Be cautious not to expose them to direct sunlight. The intense heat may cause the leaves to dry out and get sunburnt.
So, when growing it outdoors, make sure to place it under a shady spot. Enough for some rays to touch the plant, but not too much to cause damage.
Meanwhile, if you are trying to grow it indoors, it is best to place it near a window with bright lighting. In most times of the year, an eastern-facing window gives you gentler rays of morning sunshine. You may need to adjust the positioning though during the hotter summer season.
If you do not have a window or an outdoor space, there is no need for you to panic yet. Technology has a solution for absolute zero sunlight. In such cases, you can instead make use of grow lights<span style=”font-weight: 400;”>. Choose lamps that can offer a sun-like effect. Also, note that the size may vary depending on the number of pots you are trying to grow in your space.
Here are some of our top picks for indoor grow lights.
- Relassy Full Spectrum Sunlike Grow Lamp
- Fauna Full Spectrum Dimmable LED Grow Lamp
- Elaine Full Spectrum Sunlike Grow Light with Timer
- Yoyomax Full Spectrum LED Grow Light
- VOGEK Full Spectrum LED Grow Light with Timer
A “leggy” plant is one tell-tale sign that it is not getting enough sunlight. A light-deprived plant would tend to stretch out and lean towards the area of a possible light source. Thus, it becomes weirdly bent that is prominent towards a certain side only.
If you notice such, heed action and secure a brighter spot for your plants the soonest as possible. Or, you can also try to supplement it with artificial lighting from the grow lights.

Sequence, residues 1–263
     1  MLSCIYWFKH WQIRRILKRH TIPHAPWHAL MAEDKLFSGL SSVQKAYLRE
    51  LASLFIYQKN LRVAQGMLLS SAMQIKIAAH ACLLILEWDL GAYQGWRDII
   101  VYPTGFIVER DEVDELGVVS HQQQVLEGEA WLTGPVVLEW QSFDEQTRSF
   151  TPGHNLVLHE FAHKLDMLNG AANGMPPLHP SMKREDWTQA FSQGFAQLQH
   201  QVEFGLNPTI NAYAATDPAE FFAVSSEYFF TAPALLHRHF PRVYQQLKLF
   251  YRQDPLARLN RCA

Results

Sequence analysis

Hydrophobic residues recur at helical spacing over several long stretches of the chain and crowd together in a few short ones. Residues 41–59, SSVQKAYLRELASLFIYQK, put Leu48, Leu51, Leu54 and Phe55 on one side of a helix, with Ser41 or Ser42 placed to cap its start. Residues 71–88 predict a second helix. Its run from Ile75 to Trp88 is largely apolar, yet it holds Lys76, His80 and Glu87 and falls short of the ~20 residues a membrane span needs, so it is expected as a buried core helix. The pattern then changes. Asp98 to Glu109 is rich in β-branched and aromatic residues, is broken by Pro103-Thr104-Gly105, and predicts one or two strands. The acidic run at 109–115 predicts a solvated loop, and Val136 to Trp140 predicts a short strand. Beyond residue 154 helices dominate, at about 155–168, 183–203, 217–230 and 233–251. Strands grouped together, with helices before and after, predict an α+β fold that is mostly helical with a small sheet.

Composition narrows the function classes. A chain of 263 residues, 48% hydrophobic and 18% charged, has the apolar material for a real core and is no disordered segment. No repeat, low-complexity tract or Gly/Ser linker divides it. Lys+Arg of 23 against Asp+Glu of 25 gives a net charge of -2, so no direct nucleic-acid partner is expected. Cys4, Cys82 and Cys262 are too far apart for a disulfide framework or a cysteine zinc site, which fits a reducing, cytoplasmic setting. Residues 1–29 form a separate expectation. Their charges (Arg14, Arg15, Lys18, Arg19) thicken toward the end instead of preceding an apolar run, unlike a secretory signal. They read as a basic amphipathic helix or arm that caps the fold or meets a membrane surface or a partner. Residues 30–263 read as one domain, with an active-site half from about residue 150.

Most gardeners, especially the newbies, tend to struggle with overwatering. Peperomia is not an actual succulent but it has similar features as theirs. In the sense that its thick and fleshy leaves and stems also have the ability to store water. So, it can withstand longer periods of non-watering than typical plants.
Considering that, it is very easy to overwater a Peperomia. Having said that, it can instead benefit some dry time between watering sessions. That is especially true during the spring and summer seasons
Some gardeners though try to play safe by using a soil moisture meter. This is a simple and inexpensive tool that is worth having in any kind of garden. It consists of probes that detect the actual level of moisture in the soil. This is a “no-brainer” way to determine whether your plant needs watering or not.
Here are some of our top picks for soil moisture meters:
- Reotemp Garden and Compost Moisture Meter
- VegTrug Soil Tester with Smart Plant Monitor
- IPPINKA Sustee Plant Moisture Sensor
- Classy Casita Plant Soil Moisture Tester Kit
- Sonkir Soil 3-in-1 Moisture Tester
To avoid overwatering, do check the soil first before attempting to water. To do this, simply stick your finger in the soil. Try to feel for moisture. If it feels dry and leaves very minimal soil residue in your fingers, then it’s about time to water it.
But, if the soil still feels wet and tends to stick to your fingers, then leave it as is for the meantime. This usually indicates that your plant still has enough moisture within. Try to check again after a day or two.